Is it bad for knees or will it strengthen muscles around them?
In general squatting should be beneficial for joint health, provided that you are squatting within the limitations of your own anatomy and with a load thats is manageable.
many of the knee issues and discomforts that people have felt from squatting can really be attributed to attempting to force a movement that isn’t suitable to an individuals anatomy. – attempting to fit a square peg in around role if you like!
When we squat with good form – by which I mean moving simultaneously through all three of the hip, knee and ankle joints and keeping the centre of gravity between the feet , then the majority of load will be carried by the hip joint. The hip joint has significantly more muscle that surrounds it than the knee – and is ‘designed’ to bear more load and produce more force.
Should knees be over feet – or is that a myth?
Much more than a myth thats actually defying the laws of physics…
One of the first principles of biomechanics is keeping centre of gravity (usually our navel) within our base of support (the space between our two feet), of we dont do this we will fall over.
In order to keep the centre of gravity within our base of support the knees have to come forward over the toes. If this didn’t happen we would either fall over backwards, or we would have to lean very far forwards to keep our balance.
Most people would choose not to fall over and instead lean far forwards – however – this creates a shear force on the lower back, and also across the knee joint.
If we move simultaneously through the hips knees and ankles, then the lower back, and knees bear much less of the load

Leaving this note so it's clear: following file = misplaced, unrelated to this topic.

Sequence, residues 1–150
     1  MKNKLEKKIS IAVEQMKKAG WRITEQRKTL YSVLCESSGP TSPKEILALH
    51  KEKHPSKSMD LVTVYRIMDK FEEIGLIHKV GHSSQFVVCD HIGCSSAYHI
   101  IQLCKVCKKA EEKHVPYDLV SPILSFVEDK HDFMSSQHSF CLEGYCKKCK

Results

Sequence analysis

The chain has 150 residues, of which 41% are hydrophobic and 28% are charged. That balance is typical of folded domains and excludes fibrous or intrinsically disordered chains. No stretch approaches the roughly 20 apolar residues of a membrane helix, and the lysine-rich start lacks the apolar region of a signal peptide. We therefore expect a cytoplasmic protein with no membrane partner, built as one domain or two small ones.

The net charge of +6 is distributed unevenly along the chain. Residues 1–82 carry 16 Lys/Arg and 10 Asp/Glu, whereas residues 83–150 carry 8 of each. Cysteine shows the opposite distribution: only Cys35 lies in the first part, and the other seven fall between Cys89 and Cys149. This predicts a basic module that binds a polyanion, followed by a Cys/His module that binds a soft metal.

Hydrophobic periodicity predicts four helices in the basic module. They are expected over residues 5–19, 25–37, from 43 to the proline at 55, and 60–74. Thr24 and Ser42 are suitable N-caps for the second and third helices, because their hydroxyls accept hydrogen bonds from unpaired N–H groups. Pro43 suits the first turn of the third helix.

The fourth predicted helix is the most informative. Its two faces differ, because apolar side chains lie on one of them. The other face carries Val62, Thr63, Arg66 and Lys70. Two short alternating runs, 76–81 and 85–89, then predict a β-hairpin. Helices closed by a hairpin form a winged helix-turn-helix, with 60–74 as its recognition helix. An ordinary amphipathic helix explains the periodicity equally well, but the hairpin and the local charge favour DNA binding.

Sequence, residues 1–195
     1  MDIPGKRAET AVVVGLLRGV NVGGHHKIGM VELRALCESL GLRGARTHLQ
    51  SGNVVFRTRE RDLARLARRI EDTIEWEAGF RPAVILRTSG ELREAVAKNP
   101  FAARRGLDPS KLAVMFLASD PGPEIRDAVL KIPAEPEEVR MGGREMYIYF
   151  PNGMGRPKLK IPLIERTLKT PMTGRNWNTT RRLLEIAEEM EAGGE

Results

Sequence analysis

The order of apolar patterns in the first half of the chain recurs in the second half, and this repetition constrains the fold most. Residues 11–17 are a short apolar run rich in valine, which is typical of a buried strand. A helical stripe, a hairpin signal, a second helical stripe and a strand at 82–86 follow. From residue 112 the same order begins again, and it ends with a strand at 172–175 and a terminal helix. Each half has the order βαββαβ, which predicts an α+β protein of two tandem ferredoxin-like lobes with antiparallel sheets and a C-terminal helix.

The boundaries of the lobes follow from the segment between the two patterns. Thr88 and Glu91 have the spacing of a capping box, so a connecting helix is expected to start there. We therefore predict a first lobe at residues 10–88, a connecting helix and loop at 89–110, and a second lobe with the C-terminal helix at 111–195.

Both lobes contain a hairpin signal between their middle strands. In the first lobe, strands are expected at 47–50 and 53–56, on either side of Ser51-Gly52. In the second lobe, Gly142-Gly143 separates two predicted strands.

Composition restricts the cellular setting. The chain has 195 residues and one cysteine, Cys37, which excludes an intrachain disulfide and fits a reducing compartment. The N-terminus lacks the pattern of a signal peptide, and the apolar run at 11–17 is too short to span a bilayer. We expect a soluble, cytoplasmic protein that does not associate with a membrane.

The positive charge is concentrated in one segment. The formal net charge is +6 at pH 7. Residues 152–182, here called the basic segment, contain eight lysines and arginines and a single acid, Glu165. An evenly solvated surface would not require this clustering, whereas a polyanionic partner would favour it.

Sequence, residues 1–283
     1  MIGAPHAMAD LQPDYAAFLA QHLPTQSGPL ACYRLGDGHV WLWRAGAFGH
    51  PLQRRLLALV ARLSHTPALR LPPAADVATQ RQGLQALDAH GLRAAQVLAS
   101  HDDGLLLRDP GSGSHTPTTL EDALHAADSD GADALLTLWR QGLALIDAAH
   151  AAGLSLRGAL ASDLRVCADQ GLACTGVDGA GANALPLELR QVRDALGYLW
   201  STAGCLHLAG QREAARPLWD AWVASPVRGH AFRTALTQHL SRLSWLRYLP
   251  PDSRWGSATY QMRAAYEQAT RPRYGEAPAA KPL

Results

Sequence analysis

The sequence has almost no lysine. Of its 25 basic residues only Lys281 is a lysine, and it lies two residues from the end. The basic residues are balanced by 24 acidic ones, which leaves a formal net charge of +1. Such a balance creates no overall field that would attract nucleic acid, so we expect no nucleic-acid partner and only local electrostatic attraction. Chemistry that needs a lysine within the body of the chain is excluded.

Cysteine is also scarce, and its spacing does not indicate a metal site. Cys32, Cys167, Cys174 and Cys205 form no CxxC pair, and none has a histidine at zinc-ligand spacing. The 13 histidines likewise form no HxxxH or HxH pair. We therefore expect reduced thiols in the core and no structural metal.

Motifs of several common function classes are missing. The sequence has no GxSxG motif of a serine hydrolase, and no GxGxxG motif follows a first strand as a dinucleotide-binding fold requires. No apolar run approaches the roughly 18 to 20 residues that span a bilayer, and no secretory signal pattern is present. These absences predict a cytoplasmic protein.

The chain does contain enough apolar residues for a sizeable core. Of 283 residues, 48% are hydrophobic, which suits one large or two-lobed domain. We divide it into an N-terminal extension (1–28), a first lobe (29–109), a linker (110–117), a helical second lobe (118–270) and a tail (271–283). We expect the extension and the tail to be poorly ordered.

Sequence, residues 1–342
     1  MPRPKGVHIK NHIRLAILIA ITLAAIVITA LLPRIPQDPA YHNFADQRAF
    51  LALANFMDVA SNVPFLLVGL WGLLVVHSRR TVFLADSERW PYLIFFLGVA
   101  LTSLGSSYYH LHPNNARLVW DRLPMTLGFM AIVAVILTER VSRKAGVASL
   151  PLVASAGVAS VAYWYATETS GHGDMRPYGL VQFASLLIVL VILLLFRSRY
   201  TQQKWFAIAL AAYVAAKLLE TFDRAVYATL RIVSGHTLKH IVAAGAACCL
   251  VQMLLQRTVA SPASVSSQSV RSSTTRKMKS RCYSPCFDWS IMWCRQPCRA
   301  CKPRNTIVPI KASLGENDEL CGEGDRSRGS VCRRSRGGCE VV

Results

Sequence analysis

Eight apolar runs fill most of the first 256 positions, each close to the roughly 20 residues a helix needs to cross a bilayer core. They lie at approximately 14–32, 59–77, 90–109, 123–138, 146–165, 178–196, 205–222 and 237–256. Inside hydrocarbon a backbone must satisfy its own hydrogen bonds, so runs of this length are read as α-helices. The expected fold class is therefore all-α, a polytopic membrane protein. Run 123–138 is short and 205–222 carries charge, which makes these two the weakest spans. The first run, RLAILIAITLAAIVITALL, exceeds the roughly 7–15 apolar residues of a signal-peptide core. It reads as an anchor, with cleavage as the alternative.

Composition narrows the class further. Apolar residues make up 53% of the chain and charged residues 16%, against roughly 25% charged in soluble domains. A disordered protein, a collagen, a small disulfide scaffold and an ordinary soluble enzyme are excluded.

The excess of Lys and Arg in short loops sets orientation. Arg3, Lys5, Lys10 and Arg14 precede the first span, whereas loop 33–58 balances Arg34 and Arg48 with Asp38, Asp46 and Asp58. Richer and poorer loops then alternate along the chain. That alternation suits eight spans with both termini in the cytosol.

How do you progress? Start by sitting in and out of a chair for example? then what?
Sitting in and out of a chair is a great way to start, a progression continuum may looms something like
1 – sitting down into a chair, but standing up with assistance
2 – sitting down and up unassisted
3 – Sitting down and up without the chair but assisted (hands resting on chair back or suing equipment like a TRX or even having someone hold your hands)
4 – body weight squat unassisted
5 – Goblet squat (holding a load in front of you with 2 hands)
6 – front squat (resting a barbell on the front of your shoulders)
7 – Back squat (resting a barbell on the back of your shoulders)
8 – jump
In general having a load in front of you is less risky (much lower shear force) than having it behind you, and the jump is the most advanced. In general we should learn how to do any movement slowly before thinking about doing it quickly.
Where most exercise classes fall down is giving everyone option 7 and / or option 8 in their first class. – which when we break things down are at the more advanced end of an exercise continuum.
many peoples fear of exercise, injury history, and bad gymn experiences can be put down to not being given the most suitable form of exercise for either their own anatymym, or their own exercise history.